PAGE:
The Second Senate of the Federal Constitutional Court found that the challenged decisions violated the complainant's fundamental right to liberty under Article 2.2 sentence 2 in conjunction with Article 104.1 sentence 1 of the Basic Law (Grundgesetz - GG) because they were based on the old version of § 66a StGB, which the Federal Constitutional Court had declared unconstitutional in its judgment of 4 May 2011. The matter has been remitted to the Federal Court of Justice for a new ruling. At the same time, the Senate has made it clear that the provision in § 66a StGB (old) reserving the right to order preventive detention does not violate - with the exception of the violation of the fundamental right to liberty ascertained in the Federal Constitutional Court's judgment of 4 May 2011 - any provisions of the Basic Law.
In essence, the decision is based on the following considerations:
I. The Federal Constitutional Court held in its judgment of 4 May 2011 that all of the provisions in the Criminal Code and the Juvenile Court Act (Jugendgerichtsgesetz) on the imposition and duration of preventive detention, and thus § 66a StGB (old) as well, were incompatible with the fundamental right to liberty because they did not satisfy the constitutional requirement of establishing a distance between preventive detention and prison sentences (see Press Release No. 31/2011 of 4 May 2011). The provision in § 66a StGB (old) does not, however, violate provisions of the Basic Law for other reasons.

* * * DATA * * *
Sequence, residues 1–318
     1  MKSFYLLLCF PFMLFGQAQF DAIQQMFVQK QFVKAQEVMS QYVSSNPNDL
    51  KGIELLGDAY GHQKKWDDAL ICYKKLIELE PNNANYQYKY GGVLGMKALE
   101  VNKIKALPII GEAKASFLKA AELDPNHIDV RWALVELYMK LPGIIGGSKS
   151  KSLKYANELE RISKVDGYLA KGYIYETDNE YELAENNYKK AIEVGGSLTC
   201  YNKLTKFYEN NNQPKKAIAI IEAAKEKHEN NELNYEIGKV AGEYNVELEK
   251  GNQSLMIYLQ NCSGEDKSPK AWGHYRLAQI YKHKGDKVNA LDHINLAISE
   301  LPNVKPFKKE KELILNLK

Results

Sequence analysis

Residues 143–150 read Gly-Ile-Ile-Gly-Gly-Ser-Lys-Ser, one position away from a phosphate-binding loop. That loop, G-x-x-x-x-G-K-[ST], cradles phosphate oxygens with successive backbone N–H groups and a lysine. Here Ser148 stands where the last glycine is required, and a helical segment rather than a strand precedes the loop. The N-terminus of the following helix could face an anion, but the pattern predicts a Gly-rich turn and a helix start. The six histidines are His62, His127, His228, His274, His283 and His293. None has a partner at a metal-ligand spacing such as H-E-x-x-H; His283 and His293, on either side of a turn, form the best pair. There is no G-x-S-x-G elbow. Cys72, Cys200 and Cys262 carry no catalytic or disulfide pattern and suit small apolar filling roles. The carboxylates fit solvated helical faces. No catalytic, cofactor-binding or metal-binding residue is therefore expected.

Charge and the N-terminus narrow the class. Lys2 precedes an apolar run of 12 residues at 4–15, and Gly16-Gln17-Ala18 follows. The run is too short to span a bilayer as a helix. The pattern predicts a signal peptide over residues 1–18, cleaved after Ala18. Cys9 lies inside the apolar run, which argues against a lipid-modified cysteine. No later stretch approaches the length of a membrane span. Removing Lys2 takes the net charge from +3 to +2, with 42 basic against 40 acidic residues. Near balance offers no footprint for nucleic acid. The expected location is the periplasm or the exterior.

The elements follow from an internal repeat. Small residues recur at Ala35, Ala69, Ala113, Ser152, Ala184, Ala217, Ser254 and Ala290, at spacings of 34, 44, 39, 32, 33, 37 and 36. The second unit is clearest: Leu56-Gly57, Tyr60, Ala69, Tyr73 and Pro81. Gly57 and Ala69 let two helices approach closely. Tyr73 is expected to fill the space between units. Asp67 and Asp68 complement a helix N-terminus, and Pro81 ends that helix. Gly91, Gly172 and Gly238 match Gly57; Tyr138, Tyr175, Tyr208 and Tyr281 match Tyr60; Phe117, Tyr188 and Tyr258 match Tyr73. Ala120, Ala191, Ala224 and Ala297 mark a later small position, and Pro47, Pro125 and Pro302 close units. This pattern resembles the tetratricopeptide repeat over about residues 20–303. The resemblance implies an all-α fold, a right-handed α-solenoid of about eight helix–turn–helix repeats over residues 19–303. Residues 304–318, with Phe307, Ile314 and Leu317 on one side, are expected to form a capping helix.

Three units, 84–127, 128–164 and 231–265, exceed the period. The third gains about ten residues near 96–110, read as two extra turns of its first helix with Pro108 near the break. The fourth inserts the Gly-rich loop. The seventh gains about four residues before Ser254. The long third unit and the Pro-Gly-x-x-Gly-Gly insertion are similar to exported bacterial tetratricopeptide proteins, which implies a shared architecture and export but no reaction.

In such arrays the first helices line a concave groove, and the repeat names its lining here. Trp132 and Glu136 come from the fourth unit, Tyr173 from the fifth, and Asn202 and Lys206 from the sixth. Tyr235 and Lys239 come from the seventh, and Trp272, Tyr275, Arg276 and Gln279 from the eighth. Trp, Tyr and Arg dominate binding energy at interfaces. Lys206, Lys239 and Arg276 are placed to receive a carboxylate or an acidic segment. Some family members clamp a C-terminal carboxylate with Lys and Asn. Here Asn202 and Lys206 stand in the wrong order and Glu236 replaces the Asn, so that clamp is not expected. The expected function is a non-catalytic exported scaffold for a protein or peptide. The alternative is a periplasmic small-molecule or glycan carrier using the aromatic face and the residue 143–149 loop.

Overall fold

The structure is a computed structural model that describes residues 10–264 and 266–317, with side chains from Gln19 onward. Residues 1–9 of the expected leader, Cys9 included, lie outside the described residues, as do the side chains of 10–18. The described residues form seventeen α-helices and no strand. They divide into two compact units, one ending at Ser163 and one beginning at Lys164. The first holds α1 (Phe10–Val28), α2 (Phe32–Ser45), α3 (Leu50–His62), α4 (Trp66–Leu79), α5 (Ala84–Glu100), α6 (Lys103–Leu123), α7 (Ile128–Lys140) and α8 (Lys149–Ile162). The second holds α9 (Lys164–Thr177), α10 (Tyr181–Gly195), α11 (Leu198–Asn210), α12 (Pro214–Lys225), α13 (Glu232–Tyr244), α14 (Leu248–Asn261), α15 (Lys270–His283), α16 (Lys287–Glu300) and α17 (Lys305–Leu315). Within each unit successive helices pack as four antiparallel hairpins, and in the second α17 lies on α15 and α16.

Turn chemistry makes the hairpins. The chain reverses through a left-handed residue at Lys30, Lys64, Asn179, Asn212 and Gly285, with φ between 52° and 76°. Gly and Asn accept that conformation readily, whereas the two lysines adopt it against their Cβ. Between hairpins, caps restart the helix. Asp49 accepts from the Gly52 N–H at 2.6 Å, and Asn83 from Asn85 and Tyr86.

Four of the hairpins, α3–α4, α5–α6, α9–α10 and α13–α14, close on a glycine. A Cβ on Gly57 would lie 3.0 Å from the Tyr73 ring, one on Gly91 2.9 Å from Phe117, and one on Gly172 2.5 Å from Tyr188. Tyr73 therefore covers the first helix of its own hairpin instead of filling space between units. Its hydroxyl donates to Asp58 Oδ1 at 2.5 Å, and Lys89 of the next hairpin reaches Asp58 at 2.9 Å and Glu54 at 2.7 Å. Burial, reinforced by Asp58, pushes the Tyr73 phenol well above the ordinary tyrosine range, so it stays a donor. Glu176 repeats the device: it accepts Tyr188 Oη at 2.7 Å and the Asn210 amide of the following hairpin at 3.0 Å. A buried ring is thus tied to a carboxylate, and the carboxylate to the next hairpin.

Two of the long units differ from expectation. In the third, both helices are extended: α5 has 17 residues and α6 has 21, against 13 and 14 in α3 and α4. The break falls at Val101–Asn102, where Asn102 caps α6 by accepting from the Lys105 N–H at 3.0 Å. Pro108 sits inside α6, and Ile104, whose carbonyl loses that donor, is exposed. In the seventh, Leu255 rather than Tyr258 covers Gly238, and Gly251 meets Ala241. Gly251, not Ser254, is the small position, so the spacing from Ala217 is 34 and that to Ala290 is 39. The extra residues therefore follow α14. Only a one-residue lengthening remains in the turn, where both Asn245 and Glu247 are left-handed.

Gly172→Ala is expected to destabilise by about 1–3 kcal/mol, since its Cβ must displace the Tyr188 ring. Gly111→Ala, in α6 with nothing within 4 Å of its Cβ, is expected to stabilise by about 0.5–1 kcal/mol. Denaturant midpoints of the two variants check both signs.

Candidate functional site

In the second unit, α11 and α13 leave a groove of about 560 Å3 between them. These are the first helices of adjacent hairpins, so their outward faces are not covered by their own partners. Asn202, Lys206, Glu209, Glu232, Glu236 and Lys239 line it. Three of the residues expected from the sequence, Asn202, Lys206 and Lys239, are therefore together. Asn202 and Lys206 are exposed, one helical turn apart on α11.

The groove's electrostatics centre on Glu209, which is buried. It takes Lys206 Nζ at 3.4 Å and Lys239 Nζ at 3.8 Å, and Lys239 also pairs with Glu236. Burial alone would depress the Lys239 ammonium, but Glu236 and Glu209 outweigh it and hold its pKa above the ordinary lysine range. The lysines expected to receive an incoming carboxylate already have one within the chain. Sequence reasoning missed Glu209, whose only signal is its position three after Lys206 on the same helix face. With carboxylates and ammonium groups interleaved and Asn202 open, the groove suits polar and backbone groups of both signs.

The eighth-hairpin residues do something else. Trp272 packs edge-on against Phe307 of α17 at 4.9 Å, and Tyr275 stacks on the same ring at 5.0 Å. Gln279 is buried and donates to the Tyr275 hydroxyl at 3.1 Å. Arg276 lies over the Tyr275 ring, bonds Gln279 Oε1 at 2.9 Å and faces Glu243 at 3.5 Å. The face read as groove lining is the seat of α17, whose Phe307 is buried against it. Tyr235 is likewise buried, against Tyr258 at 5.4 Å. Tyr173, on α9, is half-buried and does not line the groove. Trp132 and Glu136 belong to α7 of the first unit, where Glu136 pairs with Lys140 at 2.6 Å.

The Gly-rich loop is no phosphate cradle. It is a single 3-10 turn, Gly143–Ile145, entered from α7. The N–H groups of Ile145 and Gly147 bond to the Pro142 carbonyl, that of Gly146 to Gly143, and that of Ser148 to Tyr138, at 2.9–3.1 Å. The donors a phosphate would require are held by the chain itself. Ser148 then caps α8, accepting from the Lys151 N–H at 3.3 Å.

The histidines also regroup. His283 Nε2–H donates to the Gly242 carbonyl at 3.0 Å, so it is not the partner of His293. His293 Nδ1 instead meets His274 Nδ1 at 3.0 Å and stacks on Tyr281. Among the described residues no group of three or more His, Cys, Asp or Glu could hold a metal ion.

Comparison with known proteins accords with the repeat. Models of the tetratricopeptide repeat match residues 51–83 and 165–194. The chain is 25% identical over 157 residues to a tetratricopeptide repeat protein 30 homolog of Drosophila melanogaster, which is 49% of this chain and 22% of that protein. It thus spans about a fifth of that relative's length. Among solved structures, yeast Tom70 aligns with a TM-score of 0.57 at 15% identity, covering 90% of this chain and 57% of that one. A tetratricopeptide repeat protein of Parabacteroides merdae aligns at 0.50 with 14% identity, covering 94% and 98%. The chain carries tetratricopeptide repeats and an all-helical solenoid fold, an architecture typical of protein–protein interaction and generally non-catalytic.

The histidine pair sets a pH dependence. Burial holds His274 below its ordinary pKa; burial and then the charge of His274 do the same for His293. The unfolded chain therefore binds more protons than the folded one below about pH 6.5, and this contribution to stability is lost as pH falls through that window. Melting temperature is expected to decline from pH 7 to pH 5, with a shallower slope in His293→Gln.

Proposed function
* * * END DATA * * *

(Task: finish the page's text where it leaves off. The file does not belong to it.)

1. The option of reserving the right to order preventive detention does not violate the guaranteed protection of human dignity entrenched in Article 1.1 GG. The Senate has already decided that a person's human dignity will not be violated by placement in preventive detention if this is necessary as a preventive measure to protect the general public from such person's continued dangerousness. An assessment of the reservation of the right to order preventive detention does not lead to a different conclusion. The person concerned is not degraded to an object of state action. It is true that in the case of the reservation of the right to order preventive detention such person is left in uncertainty as to his or her fate at the time of sentencing and, as a rule, at least during the largest part of his or her imprisonment. This uncertainty does not, however, result in a special psychological or physical burden which could be regarded as cruel, inhumane or degrading. On the contrary, the person concerned has to a large extent control over whether preventive detention is later ordered since he or she can contribute to obtaining a favourable prediction of his or her dangerousness by cooperating, for example, in therapy. Accordingly, the reservation of the right to order preventive detention is in and of itself suitable for making it clear to the person concerned that he or she is not at the mercy of a course of events over which he or she has no control.